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Our data is authoritative

11 Mar 2021
Ordnance Survey
OS OpenData
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Data Management Specialist Nicole Frith takes a closer look at one of our Data Principles, ’Our Data Is Authoritative‘, and what this means for OS and our customers...

At OS we create, maintain and provide access to consistent, definitive and authoritative location data of Great Britain. To recognise and maximise the value of this data, we’ve developed a set of data principles to ensure we treat our data as a valuable asset and give it the care it deserves. In this blog, I take a closer look at one of our Data Principles, 'Our Data Is Authoritative', and what this means for OS and our customers.

I worked with the Geospatial Commission and the Geo6 (British Geologic Survey, The Coal Authority, HM Land Registry, OS, UK Hydrographic Office, The Valuation Office Agency) on the Data Discoverability Project, which formed part of a wider Data Improvement Programme. I was assigned to the ‘Enabling Authoritative Data’ workstream, which aimed to help people find geospatial data which they could trust within the ever-increasing volumes of data created and published every day.

What do we mean by ‘Authoritative Data’?

In my experience, both on the Data Discoverability Project and in my wider day-to-day work, the term ‘Authoritative Data’ is frequently used but often misunderstood.

Professional bodies and the literature, for example, provide several different definitions, all of which suggest the ‘authority’ of a dataset depends on mandates, certification or legislation, or its source:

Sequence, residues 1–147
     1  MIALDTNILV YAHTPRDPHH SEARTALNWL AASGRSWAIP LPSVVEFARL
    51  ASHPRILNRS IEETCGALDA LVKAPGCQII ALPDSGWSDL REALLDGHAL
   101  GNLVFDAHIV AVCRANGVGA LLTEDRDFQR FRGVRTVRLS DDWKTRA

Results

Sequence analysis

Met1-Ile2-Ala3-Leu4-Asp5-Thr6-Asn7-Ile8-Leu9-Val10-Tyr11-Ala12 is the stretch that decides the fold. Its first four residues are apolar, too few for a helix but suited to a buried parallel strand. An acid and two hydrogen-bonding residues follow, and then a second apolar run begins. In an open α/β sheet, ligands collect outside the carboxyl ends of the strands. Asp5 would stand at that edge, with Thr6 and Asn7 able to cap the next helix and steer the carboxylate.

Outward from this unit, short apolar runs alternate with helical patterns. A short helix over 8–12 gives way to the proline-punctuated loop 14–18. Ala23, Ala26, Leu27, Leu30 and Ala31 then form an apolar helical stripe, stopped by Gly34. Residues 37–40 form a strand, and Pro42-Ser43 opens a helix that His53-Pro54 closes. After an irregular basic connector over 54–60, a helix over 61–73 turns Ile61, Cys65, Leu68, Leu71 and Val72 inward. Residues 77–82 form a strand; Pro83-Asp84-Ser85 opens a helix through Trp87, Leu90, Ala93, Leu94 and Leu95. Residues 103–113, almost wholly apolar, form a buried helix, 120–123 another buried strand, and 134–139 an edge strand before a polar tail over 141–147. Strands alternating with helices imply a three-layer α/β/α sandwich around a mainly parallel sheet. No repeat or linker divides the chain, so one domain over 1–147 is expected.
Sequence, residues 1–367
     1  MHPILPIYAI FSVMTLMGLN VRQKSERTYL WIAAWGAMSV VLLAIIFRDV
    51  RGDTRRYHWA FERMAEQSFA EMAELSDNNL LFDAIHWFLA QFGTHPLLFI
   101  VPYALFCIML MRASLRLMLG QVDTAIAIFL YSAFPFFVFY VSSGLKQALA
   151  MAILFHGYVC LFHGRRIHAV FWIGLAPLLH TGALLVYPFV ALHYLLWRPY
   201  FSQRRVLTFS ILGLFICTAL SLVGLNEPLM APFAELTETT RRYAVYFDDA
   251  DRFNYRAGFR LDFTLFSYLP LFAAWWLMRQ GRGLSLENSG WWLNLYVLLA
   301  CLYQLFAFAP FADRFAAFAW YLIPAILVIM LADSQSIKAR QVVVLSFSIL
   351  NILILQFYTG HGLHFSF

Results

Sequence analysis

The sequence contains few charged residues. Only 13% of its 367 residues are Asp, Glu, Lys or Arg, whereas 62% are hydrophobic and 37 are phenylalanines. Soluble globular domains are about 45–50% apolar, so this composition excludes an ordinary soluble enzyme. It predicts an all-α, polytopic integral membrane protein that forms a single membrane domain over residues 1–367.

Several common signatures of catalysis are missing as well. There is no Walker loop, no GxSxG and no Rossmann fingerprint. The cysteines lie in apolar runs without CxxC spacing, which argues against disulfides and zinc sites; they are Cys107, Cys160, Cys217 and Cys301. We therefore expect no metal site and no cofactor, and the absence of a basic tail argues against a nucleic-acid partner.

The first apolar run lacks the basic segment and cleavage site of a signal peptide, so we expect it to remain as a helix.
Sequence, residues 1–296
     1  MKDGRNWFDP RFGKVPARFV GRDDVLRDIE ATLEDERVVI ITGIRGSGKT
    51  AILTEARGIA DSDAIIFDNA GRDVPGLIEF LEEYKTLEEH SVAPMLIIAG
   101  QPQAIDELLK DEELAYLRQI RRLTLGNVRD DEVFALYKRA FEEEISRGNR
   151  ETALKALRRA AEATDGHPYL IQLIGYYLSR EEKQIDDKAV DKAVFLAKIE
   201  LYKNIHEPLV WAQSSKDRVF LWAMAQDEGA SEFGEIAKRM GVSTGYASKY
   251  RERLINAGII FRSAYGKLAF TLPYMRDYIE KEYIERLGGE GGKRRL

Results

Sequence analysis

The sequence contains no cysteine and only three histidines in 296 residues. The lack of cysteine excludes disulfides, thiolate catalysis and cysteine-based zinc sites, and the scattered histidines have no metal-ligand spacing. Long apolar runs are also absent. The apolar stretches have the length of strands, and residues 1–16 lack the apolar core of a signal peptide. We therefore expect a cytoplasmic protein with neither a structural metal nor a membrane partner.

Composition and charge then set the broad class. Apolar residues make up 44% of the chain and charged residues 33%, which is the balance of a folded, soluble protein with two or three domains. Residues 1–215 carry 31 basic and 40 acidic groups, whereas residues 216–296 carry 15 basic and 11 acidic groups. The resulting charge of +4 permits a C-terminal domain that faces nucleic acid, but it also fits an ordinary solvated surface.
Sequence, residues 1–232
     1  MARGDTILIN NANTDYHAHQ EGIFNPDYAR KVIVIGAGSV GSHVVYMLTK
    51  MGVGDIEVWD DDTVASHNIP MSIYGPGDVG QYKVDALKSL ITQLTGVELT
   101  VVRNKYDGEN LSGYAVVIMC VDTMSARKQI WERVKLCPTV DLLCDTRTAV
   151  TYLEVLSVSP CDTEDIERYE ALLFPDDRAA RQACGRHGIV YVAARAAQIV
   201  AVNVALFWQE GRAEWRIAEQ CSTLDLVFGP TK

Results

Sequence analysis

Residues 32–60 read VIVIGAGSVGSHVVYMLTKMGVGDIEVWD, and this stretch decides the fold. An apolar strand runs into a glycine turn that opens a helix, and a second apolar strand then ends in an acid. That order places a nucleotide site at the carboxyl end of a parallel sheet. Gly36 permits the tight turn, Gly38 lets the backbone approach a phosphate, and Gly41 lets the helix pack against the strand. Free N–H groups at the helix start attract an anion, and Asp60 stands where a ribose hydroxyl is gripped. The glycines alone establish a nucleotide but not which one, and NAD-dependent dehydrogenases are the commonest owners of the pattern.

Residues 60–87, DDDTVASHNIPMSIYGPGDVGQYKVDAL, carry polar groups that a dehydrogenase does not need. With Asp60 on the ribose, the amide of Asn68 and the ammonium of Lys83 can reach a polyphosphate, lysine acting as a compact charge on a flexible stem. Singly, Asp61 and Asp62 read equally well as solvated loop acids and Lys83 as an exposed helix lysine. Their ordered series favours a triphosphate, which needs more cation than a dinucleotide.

Definitions of the term ‘Authoritative Data’

  • Data provided by or on behalf of a public body (authority) which has an official mandate to provide it1
  • Officially recognised data than can be certified and is provided by an authoritative source2
  • Applied only to data that is legislated or regulated. Validation must be part of the certification of authoritativeness3

Definitions of the term ‘Authoritative Source’

  • An entity that is authorised by a legal authority to develop or manage data for a specific business purpose. The data this entity creates is authoritative data.2
  • A source of data or information that is recognised by members of a Community of Interest to be valid or trusted because its provenance is considered highly reliable or accurate.4

When we asked the Geo6 what the term ‘authoritative data’ meant to them however, responses were much more varied and included a much wider range of factors. These included (amongst other things):

  • Public trust and perception of the organisation publishing the data
  • The quality of the data
  • Whether the data was the best or only source
  • The purpose of the data and its fitness for that purpose
Figure 1: characteristics of authoritative datasets, as identified at Geo6 Data Discoverability workshops(5)
Figure 1: characteristics of authoritative datasets, as identified at Geo6 Data Discoverability workshops.(5)

User research offered yet another perspective. As part of the Data Discoverability Project, we carried out a series of user interviews across a range of user archetypes, asking participants to complete several tasks that required them to find geospatial data. Over 70% searched for a government organisation, and a further 20% clicked through to a government organisation’s website. Some users commented that this was specifically due to government organisations holding trusted and authoritative data. When questioned further about this, data quality was provided as a common response.

What this means for OS

They say: “beauty”, or in this case, ‘authority’, “is in the eye of the beholder”. In my experience, we all have subtly different understandings of what authoritative data is and should be, however these are all underpinned by the common themes of confidence and trust.